I do not entirely understand why Rand Paul spoke in the Senate for ten hours, accompanied by ten other senators, three Republicans and seven Democrats. It was something to do with derailing an extension of the Patriot Act. Apparently if he had gone on fifteen more minutes longer, past midnight, it would have been a proper filibuster. But he did not. Weird. Still, Paul is a man whom I credit with having a decent reason for pretty much whatever he does. Well done, I think.
I would have had this as today’s Samizdata quote of the day if I hadn’t already done one earlier:
It is fashionable for the left to say we need big government to deal with big business. The opposite is true. Only big business can survive big government.
I plan on using that.
It is from an interview with Carly Fiorina by Jennifer Rubin, for the Washington Post. The rest of it is well worth a read also.
I have no idea what chance Carly Fiorina has of being the next President of the USA, but the nearer she gets to it, the happier I will be. Vice President maybe? Or would that be to underestimate her?
Whatever they are paying this guy, it is not enough:
A Louisville pizza delivery driver who was carjacked, robbed and stabbed still managed to make his delivery, which happened to be at a local emergency room. […] The pizza store’s regional manager says Lewis made the delivery, which was addressed to the Norton Hospital emergency room, before he collapsed.
Hardcore. Presumably “Hi! Here’s your pizza, I tried not to bleed on it. I’m going to keel over now.”
Our message today is very simple: we will never allow barbarism, never allow Islam, to rob us of our freedom of speech.
– Geert Wilders
Things drive me crazy in the UK, what with the precipitous decline in civil liberties by almost every measure. Yet somehow we seem to avoid shockers like this (so far at least):
Craig Patty asked his employee Lawrence Chapa to help take one of his two trucks to the garage, not realizing that Chapa was a DEA undercover planning to fill the truck with weed, which ended in a firefight with a Los Zetas hit squad that killed the driver, who was a DEA informant.
The DEA says it doesn’t owe Patty anything for the more than $100,000 in repairs that were required for the truck, and disclaim any responsibility for the death of Patty’s employee. Also, they won’t do anything about the fact that they led the Zetas to believe that Patty was a rival drug-runner.
A federal judge in Texas dismissed Patty’s lawsuit against the DEA, because when the DEA is undertaking a “clandestine” operation, it can operate with total legal impunity
Oh and sorry about the dead employee but tough shit. Actually I would not be surprised if they did not even say ‘sorry’. I want to run a business in the USA even less than I want to run one here now. Gah.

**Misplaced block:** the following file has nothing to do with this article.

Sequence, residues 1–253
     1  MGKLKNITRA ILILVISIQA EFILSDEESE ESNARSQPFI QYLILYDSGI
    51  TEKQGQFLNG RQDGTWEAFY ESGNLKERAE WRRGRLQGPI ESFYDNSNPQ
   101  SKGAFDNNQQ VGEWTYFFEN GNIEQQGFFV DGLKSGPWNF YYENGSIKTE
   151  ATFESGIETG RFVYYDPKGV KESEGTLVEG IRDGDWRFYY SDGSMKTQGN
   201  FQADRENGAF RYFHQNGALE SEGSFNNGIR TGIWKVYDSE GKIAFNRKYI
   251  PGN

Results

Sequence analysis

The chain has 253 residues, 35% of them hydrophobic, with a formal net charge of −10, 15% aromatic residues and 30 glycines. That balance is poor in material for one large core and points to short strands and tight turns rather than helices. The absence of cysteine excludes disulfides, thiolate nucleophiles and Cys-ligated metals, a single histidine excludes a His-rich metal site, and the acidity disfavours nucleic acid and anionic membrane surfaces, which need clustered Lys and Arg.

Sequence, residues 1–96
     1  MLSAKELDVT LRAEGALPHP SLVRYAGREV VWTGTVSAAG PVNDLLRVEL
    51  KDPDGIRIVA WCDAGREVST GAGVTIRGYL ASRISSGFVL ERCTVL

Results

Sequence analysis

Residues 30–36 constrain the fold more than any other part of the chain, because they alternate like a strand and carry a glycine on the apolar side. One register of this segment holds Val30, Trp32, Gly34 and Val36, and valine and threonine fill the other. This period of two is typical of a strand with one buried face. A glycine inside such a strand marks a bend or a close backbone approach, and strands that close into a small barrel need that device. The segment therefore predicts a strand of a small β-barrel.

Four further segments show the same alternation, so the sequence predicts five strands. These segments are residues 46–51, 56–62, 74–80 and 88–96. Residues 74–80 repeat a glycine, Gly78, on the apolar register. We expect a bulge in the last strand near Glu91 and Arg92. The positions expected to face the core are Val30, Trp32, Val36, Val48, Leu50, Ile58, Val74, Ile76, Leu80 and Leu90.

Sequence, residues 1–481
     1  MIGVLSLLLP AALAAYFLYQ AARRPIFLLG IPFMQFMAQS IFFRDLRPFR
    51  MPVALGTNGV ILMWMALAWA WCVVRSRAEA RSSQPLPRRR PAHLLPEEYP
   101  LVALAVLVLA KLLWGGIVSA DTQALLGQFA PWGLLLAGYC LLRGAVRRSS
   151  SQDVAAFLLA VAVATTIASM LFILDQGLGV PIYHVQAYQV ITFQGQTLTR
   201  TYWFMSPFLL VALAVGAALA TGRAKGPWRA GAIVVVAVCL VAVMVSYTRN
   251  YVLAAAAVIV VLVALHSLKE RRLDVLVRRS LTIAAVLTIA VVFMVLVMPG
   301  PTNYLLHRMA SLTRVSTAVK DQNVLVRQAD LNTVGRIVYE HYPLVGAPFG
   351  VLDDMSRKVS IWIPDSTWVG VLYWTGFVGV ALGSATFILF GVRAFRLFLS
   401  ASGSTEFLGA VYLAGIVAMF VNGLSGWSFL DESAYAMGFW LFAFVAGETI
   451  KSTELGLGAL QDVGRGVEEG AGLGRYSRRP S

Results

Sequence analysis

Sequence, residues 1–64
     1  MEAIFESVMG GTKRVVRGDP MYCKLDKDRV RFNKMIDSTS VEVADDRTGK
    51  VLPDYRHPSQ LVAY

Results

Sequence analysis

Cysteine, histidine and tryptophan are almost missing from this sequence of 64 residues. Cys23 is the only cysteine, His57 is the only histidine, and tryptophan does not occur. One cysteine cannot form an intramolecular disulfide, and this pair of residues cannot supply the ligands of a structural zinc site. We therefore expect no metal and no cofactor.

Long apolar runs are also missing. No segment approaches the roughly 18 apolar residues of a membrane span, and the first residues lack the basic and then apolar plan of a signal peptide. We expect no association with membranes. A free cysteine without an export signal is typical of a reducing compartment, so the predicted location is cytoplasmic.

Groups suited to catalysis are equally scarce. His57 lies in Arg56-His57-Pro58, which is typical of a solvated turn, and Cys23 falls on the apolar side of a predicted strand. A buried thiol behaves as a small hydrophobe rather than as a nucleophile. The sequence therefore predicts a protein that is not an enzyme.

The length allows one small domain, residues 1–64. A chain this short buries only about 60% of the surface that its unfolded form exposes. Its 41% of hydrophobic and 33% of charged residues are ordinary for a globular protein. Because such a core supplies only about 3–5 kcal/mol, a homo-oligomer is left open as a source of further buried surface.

I wish you all the luck in the world Baltimore. And I truly wish you had the courage to change. If you ever do, send up a flare. Until then, there is nothing anyone can do for you. You are victims of your own choices, and no one can make choices for you but you.
– John Nolte, from ‘Baltimore is a Democrat problem, not America’s problem‘
As time goes on we learn more about the possible GOP candidates and which ones might be satisfactory to libertarians.
It appears that Marco Rubio is not going to be amongst that number if this report from CATO is correct.
You guys have the Second Amendment. Guns, you has ’em. I am told it is the ultimate bulwark against tyranny. At least in principle I agree completely that an armed population is a good thing, which is sadly not the situation here in disarmed Britain.
Then why is this possible?
Cindy Archer, one of the lead architects of Wisconsin’s Act 10 — also called the “Wisconsin Budget Repair Bill,” it limited public-employee benefits and altered collective-bargaining rules for public-employee unions — was jolted awake by yelling, loud pounding at the door, and her dogs’ frantic barking. The entire house — the windows and walls — was shaking. She looked outside to see up to a dozen police officers, yelling to open the door. They were carrying a battering ram. She wasn’t dressed, but she started to run toward the door, her body in full view of the police. Some yelled at her to grab some clothes, others yelled for her to open the door. “I was so afraid,” she says. “I did not know what to do.” She grabbed some clothes, opened the door, and dressed right in front of the police. The dogs were still frantic. “I begged and begged, ‘Please don’t shoot my dogs, please don’t shoot my dogs, just don’t shoot my dogs.’ I couldn’t get them to stop barking, and I couldn’t get them outside quick enough. I saw a gun and barking dogs. I was scared and knew this was a bad mix.”
So a politically motivated raid by armed police in Wisconsin is conducted against a political rival, and… well… and what?